I wrote last week about the Snowflake Method, by Randy Ingermanson, of designing a novel. There are many schemes for designing or analysing your novel, and I posted one recently here, but this one has grabbed my attention and I’m finding it invaluable.
One of the stages involves writing a synopsis of the novel from one character’s point of view. You can write a more detailed synopsis for each of your major characters, and a brief synopsis for the minor ones. In each case it will show up inconsistencies, conflicts, and any other problems.
In my case, it also showed up large chunks of time where the character is missing all together! The Kestrel is a small ship with a crew of eleven, and while I appreciate that you can’t write the minutiae of everybody’s daily life, they can’t really get away from one another. But when I traced each character through the book, I found that I had ignored several of them entirely for most of the story.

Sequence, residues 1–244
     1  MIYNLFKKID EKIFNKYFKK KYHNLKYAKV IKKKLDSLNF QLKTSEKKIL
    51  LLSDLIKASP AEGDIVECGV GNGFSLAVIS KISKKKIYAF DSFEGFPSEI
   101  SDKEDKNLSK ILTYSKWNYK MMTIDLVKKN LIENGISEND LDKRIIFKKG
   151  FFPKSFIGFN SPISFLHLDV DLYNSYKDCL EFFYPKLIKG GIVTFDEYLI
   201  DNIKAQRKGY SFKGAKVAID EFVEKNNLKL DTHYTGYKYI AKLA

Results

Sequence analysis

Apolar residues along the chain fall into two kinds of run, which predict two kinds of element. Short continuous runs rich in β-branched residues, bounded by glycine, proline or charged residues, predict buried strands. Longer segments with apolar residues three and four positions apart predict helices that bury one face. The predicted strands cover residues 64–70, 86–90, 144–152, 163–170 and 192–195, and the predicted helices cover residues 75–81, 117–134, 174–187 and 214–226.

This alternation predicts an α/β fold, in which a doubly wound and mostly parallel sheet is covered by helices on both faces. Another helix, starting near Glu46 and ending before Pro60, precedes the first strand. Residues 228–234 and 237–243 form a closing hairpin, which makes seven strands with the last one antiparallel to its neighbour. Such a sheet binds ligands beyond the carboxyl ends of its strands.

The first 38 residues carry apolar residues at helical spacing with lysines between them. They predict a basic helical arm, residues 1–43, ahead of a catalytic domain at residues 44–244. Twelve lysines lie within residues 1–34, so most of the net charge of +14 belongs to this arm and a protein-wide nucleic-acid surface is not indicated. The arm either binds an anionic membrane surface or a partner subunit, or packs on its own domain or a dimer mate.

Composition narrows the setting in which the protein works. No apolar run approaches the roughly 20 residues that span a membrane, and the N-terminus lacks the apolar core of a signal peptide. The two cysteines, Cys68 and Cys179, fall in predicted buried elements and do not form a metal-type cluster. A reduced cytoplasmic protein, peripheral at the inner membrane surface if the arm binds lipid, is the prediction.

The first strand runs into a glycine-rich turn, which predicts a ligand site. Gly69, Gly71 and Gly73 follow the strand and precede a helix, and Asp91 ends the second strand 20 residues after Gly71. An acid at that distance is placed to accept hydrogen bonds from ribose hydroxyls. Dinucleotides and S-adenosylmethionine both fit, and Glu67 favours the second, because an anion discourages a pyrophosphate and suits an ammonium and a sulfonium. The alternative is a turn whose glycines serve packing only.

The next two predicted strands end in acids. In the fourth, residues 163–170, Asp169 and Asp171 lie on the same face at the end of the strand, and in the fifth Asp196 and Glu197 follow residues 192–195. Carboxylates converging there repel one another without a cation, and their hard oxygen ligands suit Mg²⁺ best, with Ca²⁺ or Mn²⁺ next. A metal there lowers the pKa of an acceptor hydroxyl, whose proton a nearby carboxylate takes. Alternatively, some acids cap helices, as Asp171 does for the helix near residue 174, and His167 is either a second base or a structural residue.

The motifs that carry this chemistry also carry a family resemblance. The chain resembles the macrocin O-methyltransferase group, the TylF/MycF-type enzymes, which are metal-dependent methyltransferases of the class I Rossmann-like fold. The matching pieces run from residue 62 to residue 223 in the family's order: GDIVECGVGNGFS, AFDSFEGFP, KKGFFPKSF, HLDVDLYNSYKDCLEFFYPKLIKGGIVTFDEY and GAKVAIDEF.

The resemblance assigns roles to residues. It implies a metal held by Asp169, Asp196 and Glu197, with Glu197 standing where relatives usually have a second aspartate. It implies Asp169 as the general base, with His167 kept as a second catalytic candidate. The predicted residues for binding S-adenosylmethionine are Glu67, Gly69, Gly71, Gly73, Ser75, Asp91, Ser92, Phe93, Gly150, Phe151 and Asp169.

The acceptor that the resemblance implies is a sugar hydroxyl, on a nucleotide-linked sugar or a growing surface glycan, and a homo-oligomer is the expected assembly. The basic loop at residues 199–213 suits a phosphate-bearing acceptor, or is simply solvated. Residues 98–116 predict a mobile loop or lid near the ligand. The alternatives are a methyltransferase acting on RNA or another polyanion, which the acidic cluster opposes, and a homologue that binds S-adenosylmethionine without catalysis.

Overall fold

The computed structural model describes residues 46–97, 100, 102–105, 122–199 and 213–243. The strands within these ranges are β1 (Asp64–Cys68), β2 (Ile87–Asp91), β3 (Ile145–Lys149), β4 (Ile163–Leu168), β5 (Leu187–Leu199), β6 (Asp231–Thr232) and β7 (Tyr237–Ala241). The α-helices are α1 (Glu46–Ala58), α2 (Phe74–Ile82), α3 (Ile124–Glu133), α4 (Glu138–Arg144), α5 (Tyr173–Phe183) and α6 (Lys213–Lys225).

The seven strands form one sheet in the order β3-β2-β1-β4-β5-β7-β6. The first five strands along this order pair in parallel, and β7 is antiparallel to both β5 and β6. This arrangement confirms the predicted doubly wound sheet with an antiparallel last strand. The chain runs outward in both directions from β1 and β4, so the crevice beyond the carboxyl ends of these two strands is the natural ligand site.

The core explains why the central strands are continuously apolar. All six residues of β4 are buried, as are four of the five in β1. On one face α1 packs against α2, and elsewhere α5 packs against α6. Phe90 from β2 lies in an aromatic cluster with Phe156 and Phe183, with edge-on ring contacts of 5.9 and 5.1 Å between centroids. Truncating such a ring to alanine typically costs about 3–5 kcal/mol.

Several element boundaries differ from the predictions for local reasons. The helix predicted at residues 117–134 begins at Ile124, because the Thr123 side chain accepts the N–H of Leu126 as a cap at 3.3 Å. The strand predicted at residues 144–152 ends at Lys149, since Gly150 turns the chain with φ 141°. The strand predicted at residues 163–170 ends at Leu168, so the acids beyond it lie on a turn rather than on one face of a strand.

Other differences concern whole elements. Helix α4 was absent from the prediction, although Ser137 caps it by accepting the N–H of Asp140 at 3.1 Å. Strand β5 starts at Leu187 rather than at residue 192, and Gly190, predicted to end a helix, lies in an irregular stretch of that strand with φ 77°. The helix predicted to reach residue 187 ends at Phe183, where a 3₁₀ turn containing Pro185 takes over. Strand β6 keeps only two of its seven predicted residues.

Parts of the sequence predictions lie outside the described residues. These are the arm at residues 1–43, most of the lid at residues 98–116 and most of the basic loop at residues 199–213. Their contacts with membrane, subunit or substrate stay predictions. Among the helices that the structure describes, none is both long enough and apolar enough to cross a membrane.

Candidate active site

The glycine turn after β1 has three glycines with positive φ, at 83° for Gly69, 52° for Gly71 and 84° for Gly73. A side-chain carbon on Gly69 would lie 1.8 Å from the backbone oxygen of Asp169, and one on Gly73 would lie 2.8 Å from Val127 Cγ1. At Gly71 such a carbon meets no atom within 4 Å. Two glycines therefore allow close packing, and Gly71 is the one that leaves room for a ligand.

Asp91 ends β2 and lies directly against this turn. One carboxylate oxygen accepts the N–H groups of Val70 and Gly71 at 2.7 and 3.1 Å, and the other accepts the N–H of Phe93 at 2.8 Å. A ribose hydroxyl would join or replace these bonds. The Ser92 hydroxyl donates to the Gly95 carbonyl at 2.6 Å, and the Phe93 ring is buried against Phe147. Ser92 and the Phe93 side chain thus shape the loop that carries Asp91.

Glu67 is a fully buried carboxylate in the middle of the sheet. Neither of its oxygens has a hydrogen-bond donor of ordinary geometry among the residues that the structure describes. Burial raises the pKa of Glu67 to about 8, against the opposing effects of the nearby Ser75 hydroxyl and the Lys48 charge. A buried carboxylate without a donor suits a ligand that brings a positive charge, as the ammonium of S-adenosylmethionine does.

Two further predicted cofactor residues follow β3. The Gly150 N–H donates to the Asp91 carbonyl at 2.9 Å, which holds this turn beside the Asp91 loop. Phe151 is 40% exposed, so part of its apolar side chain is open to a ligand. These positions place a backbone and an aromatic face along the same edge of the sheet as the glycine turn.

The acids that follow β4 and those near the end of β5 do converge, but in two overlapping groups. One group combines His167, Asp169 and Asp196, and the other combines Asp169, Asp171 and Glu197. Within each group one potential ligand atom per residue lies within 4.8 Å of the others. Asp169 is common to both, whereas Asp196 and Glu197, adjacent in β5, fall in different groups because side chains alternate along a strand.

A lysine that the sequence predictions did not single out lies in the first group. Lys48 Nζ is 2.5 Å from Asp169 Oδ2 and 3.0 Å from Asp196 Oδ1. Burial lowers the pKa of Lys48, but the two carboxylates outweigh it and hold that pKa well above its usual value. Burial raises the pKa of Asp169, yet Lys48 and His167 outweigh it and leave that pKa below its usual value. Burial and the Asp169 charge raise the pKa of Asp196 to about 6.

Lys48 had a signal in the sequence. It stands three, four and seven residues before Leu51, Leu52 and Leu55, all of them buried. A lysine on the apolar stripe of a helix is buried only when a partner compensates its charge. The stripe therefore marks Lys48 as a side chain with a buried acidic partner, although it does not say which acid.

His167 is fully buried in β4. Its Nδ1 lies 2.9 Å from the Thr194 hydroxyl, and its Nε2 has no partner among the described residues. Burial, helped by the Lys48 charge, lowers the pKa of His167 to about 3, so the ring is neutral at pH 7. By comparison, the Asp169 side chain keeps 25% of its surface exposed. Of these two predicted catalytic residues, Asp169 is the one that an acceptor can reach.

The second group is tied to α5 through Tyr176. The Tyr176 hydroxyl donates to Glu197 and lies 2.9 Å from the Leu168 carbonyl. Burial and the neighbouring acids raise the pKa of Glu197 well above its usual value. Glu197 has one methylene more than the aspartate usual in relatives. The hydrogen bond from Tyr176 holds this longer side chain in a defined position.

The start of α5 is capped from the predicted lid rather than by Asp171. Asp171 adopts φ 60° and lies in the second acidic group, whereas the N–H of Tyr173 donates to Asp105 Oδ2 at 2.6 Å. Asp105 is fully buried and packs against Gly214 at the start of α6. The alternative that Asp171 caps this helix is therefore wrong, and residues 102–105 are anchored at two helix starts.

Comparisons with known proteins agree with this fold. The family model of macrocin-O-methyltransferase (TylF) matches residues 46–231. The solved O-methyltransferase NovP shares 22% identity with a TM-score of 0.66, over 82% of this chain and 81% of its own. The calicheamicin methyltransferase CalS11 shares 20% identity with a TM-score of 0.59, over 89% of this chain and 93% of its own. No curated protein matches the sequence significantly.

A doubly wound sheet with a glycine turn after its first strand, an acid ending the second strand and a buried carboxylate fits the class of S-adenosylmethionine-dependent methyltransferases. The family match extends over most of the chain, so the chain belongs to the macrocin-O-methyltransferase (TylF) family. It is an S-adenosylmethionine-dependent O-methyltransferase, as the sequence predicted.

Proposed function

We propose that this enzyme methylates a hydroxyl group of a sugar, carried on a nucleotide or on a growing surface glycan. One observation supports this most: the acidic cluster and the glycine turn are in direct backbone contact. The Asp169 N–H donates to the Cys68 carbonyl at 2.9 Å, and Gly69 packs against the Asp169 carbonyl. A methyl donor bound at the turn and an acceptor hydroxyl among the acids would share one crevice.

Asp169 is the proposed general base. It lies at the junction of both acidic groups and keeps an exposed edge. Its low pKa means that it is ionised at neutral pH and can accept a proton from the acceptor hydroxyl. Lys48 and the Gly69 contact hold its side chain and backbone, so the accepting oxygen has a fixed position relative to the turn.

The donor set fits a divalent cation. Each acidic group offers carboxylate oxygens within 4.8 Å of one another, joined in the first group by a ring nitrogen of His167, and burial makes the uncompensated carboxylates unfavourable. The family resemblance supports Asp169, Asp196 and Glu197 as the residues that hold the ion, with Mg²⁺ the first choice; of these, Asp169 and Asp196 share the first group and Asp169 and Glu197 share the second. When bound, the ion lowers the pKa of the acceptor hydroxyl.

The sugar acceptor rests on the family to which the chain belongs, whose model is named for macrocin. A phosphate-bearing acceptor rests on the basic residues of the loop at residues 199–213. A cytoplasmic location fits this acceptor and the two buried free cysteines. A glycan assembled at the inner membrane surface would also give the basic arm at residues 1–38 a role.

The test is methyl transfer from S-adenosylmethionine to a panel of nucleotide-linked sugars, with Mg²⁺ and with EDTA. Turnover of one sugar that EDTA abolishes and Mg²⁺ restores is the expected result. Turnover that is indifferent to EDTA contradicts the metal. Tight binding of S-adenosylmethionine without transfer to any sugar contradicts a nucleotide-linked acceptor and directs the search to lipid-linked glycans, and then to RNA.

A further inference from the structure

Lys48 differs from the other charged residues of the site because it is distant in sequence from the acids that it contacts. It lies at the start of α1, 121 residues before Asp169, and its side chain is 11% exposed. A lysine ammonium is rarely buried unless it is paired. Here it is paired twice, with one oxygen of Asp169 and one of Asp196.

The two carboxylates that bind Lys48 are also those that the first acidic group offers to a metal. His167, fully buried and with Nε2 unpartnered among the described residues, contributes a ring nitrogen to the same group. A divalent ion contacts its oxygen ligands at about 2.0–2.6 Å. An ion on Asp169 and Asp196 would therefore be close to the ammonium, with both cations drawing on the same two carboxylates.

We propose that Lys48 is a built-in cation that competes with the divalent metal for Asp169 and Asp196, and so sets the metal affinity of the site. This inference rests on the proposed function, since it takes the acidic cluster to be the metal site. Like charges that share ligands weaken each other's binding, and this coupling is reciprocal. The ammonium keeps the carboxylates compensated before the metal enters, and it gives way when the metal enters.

Luckily, tracing the characters wasn’t hard, because I use yWriter software (details next week), which does it for you. And because the software splits chapters into scenes, and allows you to print out the chapter and scene headings, I’ve been able to sit and work out where there should be more involvement for each character.
I’ve made copious notes, together with notes from the other stages of the Snowflake Method. All I have to do now is a whole lot of rewriting. That’s all!